SAN FRANCISCO — For decades the monumental 10-panel fresco by Diego Rivera depicting a continent linked by creativity has been mounted in the lobby of a theater at City College of San Francisco. There, somewhat tucked away from the art world, it has been cared for as a labor of love by a de facto guardian who has long dreamed of finding a way to allow more people to experience it.
Now, after a four-year, multimillion-dollar undertaking involving mechanical engineers, architects, art historians, fresco experts, art handlers and riggers from the United States and Mexico, the 30-ton, 74-foot-wide-by-22-foot mural has been carefully extracted and moved across town to San Francisco Museum of Modern Art, where it will go on display on June 28.
“Diego was building a metaphoric bridge between the Mexican culture and the tech culture of the United States,” said Will Maynez, the former lab manager of the physics department at City College, who became the unlikely guardian of the work, which is owned by the College.
Maynez, who is Mexican American, speaks fluent Rivera and has spent 25 years researching and promoting the fresco, “Pan American Unity.” Its panels are a kaleidoscope of Rivera’s thoughts: the looming goddess of earth, Coatlicue; Mexican artisans; American industrialists; historical leaders of both nations; dictators; Rivera’s wife, Frida Kahlo, and himself. Its full title is “The Marriage of the Artistic Expression of the North and of the South on This Continent.”
Moving the fresco to SFMOMA was a mammoth undertaking.
“This is one of the most ambitious things this museum has ever done — to move something this large, this fragile and this important,” said Neal Benezra, the director of the museum. Paco Link, the museum’s fresco manager, likened the fresco to “a 70-foot eggshell.” (The work will be exhibited in a free gallery on the first floor of the museum as it prepares for its “Diego Rivera’s America” exhibition, which opens next year; the mural will remain on view at the museum until sometime in 2023 and will then be returned to the college. A new performing arts center, funded by a voter-approved bond measure, will house the fresco. It is not clear when the new building will be ready, though.)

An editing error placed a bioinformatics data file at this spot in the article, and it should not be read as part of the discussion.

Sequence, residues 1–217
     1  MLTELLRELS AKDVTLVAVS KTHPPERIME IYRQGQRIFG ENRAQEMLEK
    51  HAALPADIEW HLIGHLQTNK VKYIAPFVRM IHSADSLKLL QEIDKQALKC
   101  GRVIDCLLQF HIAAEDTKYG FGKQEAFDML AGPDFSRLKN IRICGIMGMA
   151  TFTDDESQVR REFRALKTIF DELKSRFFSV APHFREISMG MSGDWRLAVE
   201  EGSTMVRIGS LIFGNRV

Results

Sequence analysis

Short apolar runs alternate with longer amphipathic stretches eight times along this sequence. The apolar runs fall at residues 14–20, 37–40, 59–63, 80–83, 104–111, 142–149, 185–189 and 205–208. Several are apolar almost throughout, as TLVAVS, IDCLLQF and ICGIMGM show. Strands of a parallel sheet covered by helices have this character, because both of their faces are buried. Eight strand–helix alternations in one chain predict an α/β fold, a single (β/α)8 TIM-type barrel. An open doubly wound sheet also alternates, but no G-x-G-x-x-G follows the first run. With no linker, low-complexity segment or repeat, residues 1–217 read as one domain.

Each month, about 100 art students and Rivera tourists might have seen it at the college, Maynez estimated. He has formed a symbiotic relationship with the mural. Years ago, when his wife became ill with Alzheimer’s, the fresco work sustained him. And when she died in May 2020, he said, “It saved my life.”
Maynez, 74, is self-taught. Traveling around the world, he (along with Julia Bergman, a college librarian who died in 2017) unearthed letters, diaries, oral histories and even some of Rivera’s notes for his autobiography, “My Art, My Life.” Maynez translated some of Rivera’s writings, built a robust website with a blog and has worked on preserving the mural’s legacy with 3-D pictures online.
He can tell you why Samuel Morse, the inventor of the telegraph, and Robert Fulton, who engineered the steamboat, are in the foreground of part of the mural: Because both men also were painters, Maynez said, “They set the theme of reconciliation of art and science.”
Take a step back, and the arc of people across the fresco stands out. Notice that it resembles the arc of the Golden Gate Bridge, he said. And the mother hovering over a distraught child? That’s Rivera paying homage to “Guernica,” painted by his friend Picasso.
Nearly every weekday since he retired nine years ago, Maynez walks or takes public transit to City College to care for the fresco. When he received honorariums for talks, he donated the money to the mural’s restoration; he has not been paid by City College for his work with the mural.